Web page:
By Kathryn Dickason
“Legacies of Medieval Dance,” a new special issue of the journal postmedieval: A Journal of Medieval Cultural Studies, is the most comprehensive collection of medieval dance scholarship to date. This exciting publication features medievalists and early modernists from diverse disciplines who place premodern dance into conversation with critical race theory, (post)colonial studies, medievalism, game theory, queer studies, choreographic reconstruction, and beyond.
Within academia, dance is the least theorized of all the arts. As renowned ballet historian Lynn Garafola wrote in her 2005 book Legacies of Twentieth-Century Dance: “A deep current of anti-intellectualism runs throughout the dance world, a mistrust of scholarly analysis, of probing beyond the evident, of questioning the truthfulness of received wisdom.” According to Garafola, dancers, dance critics, and scholars resisted subjecting ballet and modern dance to intellectual scrutiny and critical methodologies.
Until recently, the same could be said of medieval dance studies. Before the 2010s, scholarship on dance in the Middle Ages was scant (and rarely published in English). The few texts that did materialize offered little analytical depth, with the exception of select works by musicologist Walter Salmen and historian Alessandro Arcangeli.
Double-issue alert! 🚨 At last, LEGACIES OF MEDIEVAL DANCE, edited with such verve by @DrDickason, is complete. The articles should be FREE TO VIEW for the next 3 weeks! Download ’em now, #medievaltwitter; it’s an amazing line-up. https://t.co/f9nEevg8OK ✨🕺💃 🎶 Please share! pic.twitter.com/tIDVgwWhRn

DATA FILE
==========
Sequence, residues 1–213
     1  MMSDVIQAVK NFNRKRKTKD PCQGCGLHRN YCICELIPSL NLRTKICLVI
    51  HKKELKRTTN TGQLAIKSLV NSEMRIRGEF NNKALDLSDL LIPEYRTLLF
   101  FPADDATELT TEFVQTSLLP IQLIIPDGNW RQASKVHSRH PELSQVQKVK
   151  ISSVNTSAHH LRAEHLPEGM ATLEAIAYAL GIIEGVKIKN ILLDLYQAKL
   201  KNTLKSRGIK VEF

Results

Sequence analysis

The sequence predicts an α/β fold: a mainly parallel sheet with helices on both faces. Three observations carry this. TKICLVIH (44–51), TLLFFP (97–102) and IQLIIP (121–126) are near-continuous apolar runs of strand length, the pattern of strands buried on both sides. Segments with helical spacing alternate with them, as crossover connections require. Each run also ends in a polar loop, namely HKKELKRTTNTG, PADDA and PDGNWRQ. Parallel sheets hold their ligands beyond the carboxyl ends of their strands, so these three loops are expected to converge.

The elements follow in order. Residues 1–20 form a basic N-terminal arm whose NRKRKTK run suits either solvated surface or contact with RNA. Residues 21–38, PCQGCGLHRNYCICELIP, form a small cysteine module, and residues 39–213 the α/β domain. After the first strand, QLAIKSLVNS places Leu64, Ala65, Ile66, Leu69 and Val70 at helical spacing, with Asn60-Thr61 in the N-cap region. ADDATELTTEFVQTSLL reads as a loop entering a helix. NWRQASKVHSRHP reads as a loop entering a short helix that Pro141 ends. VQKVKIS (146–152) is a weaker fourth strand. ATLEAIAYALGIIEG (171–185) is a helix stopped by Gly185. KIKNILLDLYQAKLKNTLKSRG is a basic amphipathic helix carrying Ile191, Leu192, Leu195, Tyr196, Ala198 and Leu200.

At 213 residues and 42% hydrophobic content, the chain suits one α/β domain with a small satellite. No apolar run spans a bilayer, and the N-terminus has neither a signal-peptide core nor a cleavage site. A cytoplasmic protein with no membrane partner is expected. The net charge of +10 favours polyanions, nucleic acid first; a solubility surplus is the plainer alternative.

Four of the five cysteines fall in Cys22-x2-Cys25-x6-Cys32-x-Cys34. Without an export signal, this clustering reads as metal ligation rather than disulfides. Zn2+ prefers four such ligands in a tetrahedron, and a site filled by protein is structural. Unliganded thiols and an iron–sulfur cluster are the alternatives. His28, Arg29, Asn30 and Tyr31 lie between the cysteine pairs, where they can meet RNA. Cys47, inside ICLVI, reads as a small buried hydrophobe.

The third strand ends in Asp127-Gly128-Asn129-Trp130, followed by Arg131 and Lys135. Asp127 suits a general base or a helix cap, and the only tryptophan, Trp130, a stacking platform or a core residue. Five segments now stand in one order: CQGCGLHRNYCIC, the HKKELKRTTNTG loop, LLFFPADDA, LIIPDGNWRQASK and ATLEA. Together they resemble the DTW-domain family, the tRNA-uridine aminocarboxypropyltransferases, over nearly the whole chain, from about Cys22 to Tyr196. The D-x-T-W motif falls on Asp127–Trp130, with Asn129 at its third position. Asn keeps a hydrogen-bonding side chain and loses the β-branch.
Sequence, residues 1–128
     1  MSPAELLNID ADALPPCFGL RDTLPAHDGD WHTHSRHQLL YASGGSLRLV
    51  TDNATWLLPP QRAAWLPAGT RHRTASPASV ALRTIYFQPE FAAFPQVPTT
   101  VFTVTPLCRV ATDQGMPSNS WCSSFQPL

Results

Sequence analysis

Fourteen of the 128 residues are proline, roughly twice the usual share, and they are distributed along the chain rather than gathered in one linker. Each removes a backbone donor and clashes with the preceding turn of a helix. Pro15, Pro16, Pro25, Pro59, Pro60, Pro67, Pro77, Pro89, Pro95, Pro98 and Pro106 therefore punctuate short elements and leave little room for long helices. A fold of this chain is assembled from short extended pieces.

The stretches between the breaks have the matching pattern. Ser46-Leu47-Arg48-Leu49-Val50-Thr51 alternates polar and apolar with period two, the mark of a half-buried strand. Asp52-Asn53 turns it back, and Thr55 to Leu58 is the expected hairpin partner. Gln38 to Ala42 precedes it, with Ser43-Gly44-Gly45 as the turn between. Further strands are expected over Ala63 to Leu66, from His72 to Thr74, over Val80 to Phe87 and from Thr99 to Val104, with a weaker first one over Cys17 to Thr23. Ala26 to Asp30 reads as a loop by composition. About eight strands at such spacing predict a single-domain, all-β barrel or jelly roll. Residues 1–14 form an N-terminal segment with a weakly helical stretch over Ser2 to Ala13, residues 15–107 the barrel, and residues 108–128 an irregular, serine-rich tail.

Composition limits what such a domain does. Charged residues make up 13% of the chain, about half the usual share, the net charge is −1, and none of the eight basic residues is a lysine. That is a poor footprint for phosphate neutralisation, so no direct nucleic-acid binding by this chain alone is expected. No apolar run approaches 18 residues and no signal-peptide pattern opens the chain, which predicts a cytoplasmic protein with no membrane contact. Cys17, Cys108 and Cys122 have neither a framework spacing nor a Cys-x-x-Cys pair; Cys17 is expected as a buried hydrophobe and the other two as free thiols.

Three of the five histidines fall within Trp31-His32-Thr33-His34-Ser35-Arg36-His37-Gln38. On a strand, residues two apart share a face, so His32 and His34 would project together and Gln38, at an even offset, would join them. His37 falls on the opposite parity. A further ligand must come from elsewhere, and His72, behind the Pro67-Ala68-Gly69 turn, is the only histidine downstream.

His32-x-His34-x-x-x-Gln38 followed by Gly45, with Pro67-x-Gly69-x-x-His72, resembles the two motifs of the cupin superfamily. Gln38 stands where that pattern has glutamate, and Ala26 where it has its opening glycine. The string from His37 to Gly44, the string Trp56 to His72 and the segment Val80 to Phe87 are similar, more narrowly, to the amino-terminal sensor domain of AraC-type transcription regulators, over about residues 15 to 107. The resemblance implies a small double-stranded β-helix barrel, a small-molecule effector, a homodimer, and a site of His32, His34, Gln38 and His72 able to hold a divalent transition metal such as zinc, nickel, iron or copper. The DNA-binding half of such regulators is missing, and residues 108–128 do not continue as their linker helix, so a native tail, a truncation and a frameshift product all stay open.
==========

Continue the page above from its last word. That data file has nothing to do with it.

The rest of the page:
— postmedieval (@postmedieval) September 29, 2023
The last two decades ushered in an exciting efflorescence of scholarly attention to medieval dance. Indeed, medievalists from a variety of disciplines have probed polysemous dance iconography (Elina Gertsman), interactions between dance and space (Nicoletta Isar), connections between dance and illness (Gregor Rohmann), the intermediality of dance and poetry (Seeta Chaganti), the religious significance of dance (Philip Knäble, Kathryn Dickason, and Laura Hellsten) and the gendering of dance (Lynneth Miller Renberg). Moreover, two edited collections have brought scholars together into productive conversations. Carefully curated by guest editor Licia Buttà, “Dante e la Danza,” a special issue of Dante e l’Arte, explores issues of choreography, poetic imagination, and penitential theology. Cursed Carolers in Context, co-edited by Lynneth Miller Renberg and Bradley Phillis, examines the circulations of prohibitory dance tales from a variety of perspectives.
The newest contribution to medieval dance studies is “Legacies of Medieval Dance,” a special double issue of postmedieval: A Journal of Medieval Cultural Studies. This is the most interdisciplinary and comprehensive collection of medieval dance scholarship to date, bringing together the cutting-edge research of both early-career and well-established scholars in history, art history, religious studies, theology, musicology, literature, performance studies, and dance studies. Moreover, the geographic range is quite global in scope: Europe, Byzantium, the Middle East, North Africa, the African diaspora, and the Americas. All articles are in English and several of them are open-access.
As guest editor Kathryn Dickason writes in her introduction, “The authors engage a variety of historical, critical, and artistic approaches. . . Several contributions not only interrogate the significance of dance in the Middle Ages, but contemplate the lasting traces of medieval dance history within cross-cultural encounters, modern novels, ballet, and beyond. The collection also works to decentre Western Europe, revealing the racialized and colonial legacies of medieval dance. . . As both archaic archive and enduring legacy, medieval dance continues to haunt us in enchanting and unsettling ways by transmitting knowledge, conflicts, and values through the ages.”